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Michaels v. Youth Services for Oklahoma County, Inc.

United States District Court, W.D. Oklahoma

July 17, 2019




         Before the Court is Defendant's Motion to Compel Plaintiff's Counseling and Mental Health Records [Doc. No. 19]. The motion is at issue. See Resp., Doc. No. 26.

         I. Background

         Per Plaintiff's Second Amended Petition, Plaintiff, while a minor, was removed from her home by the City of Edmond's police department in September 2015. Plaintiff was taken to Defendant's Community Intervention Center, which was a youth-specific 24hour holding facility operated (at the time) by Defendant pursuant to a contract with the Oklahoma Office of Juvenile Affairs. While at the Center, Plaintiff was raped by Defendant's employee. The employee later pleaded guilty to a criminal charge in state court. Plaintiff sued Defendant, and Plaintiff's sole remaining claim against Defendant is one made pursuant to 42 U.S.C. § 1983.

         Plaintiff asserts violations of her due process and equal protection rights via § 1983. Specifically, Plaintiff alleges that Defendant “[f]ail[ed] to enact and implement adequate policies concerning sexual harassment, misconduct and abuse of adolescents in its facility, ” “[f]ail[ed] to remove [the employee at fault] from its facility, ” “[f]ail[ed] to prevent adolescents from being alone with [the employee], ” “[f]ail[ed] to investigate [the employee] properly, before and after these referenced allegations, ” “[f]ail[ed] to hire, train, supervise, and retain [the employee] properly, ” “[f]ail[ed] to adequately train and supervise . . . its staff and employees, ” and “[e]xhibit[ed] deliberate indifference to the sexual misconduct directed at Plaintiff.” Second Am. Pet. ¶ 17, Doc. No. 2-13. Plaintiff further alleges that Defendant had unconstitutional customs or policies of “[f]ailing to investigate criminal misconduct, ” “[d]iscounting the credibility of adolescent[s'] allegations, ” and “[f]ailing to adequately train and supervise employees with regard to the investigation and reporting of sexual abuse of adolescents.” Id. ¶ 18. Plaintiff alleges that Defendant's actions and omissions caused her to “suffer[] severe emotional distress and/or psychological damage and/or significant pain and suffering and/or personal humiliation.” Id. ¶ 32. She seeks “[c]ompensatory damages [for her] physical damages as well as [for] psychological and emotional distress.” Id. ¶ 52(a).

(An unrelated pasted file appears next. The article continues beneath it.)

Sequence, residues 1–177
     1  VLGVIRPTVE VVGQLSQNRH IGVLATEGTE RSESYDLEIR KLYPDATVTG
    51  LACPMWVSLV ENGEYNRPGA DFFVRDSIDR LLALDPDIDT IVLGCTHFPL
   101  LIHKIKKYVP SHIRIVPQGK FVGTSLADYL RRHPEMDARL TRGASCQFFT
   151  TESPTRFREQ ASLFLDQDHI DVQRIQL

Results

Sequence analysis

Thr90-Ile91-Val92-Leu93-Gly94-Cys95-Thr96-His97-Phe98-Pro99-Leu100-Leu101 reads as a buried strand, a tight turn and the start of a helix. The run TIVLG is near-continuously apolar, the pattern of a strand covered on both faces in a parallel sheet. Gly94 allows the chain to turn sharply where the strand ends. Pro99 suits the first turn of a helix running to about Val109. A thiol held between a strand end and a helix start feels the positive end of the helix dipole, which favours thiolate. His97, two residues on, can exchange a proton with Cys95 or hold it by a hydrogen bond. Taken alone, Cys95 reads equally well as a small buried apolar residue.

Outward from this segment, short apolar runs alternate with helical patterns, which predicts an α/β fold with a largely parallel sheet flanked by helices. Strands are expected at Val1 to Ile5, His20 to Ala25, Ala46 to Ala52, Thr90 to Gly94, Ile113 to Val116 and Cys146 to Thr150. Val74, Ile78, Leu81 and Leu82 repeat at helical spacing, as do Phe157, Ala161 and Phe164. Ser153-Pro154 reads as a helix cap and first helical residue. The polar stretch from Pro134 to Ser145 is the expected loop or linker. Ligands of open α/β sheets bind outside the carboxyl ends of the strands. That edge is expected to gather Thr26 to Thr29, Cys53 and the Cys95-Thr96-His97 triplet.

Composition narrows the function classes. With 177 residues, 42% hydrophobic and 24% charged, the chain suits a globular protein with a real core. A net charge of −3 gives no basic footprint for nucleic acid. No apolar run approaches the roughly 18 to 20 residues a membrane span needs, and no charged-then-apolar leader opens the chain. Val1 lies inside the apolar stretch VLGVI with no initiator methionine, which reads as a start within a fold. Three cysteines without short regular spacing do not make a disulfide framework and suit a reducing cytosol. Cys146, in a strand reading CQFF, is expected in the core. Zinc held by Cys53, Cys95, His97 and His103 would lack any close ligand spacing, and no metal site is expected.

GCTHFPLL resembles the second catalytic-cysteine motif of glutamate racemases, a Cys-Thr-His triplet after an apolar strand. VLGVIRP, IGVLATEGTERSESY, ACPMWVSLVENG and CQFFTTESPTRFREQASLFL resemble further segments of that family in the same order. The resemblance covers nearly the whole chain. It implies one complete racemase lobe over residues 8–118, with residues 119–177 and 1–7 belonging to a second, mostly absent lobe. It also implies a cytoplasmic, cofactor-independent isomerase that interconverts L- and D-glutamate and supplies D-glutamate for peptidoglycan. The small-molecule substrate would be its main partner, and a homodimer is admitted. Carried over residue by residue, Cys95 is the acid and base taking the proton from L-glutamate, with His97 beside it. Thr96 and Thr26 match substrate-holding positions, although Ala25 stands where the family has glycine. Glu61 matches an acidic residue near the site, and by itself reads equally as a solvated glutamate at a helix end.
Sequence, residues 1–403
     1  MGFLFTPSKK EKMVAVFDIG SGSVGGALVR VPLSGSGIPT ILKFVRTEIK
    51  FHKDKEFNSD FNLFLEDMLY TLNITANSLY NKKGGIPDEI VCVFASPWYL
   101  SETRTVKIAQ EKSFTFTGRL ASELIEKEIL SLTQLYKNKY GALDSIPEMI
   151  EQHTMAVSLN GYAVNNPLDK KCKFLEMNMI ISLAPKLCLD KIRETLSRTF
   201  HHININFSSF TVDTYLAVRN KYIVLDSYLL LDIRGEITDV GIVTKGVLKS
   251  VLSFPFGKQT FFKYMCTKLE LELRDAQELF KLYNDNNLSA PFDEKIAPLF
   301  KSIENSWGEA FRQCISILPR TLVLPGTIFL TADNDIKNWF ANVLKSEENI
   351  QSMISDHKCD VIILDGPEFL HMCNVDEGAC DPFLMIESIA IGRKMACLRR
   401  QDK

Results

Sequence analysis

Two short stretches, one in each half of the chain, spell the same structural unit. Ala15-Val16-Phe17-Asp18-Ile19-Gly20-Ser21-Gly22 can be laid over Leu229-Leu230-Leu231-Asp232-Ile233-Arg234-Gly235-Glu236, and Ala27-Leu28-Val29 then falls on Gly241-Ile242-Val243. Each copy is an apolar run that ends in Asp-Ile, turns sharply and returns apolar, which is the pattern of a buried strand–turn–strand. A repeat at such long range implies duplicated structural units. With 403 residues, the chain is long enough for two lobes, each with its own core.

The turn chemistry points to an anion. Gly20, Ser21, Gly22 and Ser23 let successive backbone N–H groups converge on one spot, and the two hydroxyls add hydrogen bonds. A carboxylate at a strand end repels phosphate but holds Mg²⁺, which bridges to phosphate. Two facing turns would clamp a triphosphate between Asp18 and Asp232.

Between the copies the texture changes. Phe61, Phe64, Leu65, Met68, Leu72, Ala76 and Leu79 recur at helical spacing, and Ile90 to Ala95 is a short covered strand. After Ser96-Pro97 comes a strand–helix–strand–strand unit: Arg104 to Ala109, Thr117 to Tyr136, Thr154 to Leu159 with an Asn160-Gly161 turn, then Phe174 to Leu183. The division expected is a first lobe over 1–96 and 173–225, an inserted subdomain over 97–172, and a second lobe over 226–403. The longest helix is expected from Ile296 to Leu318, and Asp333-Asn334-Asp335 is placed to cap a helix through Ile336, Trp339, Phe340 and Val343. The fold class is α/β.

Defendant asks the Court to compel Plaintiff to answer two interrogatories to which she objected. One interrogatory asked for “[identifying information for] every health care provider providing an assessment, care, and/or treatment (including state agency) to [Plaintiff] for any physical injuries, mental anguish, emotional distress, and/or mental disability allegedly resulting from Defendant's acts or omissions that are the subject matter of this litigation.” Def.'s Interrog. No. 7, Doc. No. 19-1. Another interrogatory asked for the same information, but for the past ten years instead of in relation only to the incident at issue in this lawsuit. See Id. at Interrog. No. 8. As to the latter, broader, interrogatory, Defendant only asks the Court to compel identification of “mental health professionals who have provided medical or counseling services regarding the incident at issue and any treatment received thereafter.” Mot. 7, Doc. No. 19. Plaintiff objects to both interrogatories based on lack of relevance.